Bigger is Not Always Better Except when it Comes to Heels!

Bigger is Not Always Better Except when it Comes to Heels!

By Ruthie Davis

There's a prevailing assumption that bigger is always better in the realm of business, epitomized by the relentless pursuit of scaling products showcased on platforms like "Shark Tank." Yet, the landscape is shifting. In 2024, there's a growing desire for autonomy, control, and flexibility, accompanied by a disdain for stress, fruitless meetings, and bureaucratic layers.

Consumers, too, are vocalizing their demand for direct engagement with brands and the personalities behind them. Across industries, including fashion, the trajectory points towards leaner, more agile enterprises. I aim to discuss in my Blog the running of a Micro Fashion Business – constructing your company meticulously, without reliance on external forces, fostering self-sufficiency and sustainability.

This path demands the courage to decline distractions, the resilience to hone in on your products and brand identity, shedding the trappings that falsely signal success, and the confidence to carve a unique path, rather than conforming to conventional business models. Many smaller startups, particularly in fashion, ultimately fail. Why? It is usually due to their lack of sustainability, tethered to outdated models characterized by excessive spending and an expensive facade of success that masks poor financial health.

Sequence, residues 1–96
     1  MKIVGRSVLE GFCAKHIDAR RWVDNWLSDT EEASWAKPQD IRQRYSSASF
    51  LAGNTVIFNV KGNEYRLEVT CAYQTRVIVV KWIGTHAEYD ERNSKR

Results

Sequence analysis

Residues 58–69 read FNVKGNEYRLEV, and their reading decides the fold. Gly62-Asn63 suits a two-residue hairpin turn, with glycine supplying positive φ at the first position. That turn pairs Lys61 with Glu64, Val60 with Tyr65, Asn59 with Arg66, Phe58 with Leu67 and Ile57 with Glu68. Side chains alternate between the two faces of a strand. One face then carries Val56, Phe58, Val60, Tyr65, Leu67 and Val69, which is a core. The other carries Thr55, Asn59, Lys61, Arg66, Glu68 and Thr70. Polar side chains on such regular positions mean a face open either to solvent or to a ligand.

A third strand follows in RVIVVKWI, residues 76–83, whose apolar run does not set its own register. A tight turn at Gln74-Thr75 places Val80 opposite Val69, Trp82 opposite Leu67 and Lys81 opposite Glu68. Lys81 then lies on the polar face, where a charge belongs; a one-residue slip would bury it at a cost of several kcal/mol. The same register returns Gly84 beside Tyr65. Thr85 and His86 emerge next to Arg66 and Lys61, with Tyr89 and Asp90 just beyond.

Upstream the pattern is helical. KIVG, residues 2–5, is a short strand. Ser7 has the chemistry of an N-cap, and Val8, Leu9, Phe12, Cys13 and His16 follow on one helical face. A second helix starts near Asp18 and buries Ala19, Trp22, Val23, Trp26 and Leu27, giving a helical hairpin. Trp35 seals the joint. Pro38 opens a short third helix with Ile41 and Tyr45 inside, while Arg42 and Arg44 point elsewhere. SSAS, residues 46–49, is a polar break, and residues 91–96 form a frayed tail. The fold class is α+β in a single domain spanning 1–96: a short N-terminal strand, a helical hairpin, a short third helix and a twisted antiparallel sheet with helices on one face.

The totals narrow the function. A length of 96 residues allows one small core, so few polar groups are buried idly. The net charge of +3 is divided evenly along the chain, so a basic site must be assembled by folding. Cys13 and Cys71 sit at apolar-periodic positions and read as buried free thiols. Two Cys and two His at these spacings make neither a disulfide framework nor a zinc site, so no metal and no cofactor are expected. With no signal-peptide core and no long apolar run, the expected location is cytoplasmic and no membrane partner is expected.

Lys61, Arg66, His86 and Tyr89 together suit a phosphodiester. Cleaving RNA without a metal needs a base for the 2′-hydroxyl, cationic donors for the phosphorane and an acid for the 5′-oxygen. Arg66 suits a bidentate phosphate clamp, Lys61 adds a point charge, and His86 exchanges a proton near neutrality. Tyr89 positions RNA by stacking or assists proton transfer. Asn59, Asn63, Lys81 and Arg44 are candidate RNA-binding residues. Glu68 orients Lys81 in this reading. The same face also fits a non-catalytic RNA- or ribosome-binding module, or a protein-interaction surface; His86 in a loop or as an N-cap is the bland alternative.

Accolades and social media hype don't equate to product sales. The era of investors rescuing debt-ridden companies solely based on brand equity is over. Personally, I manage a global, sustainable, and profitable designer shoe brand virtually solo, with a select group of skilled contractors who I work with. This model affords me full autonomy over both my life and my brand, basically running my business via my iPhone. This is the future of entrepreneurship.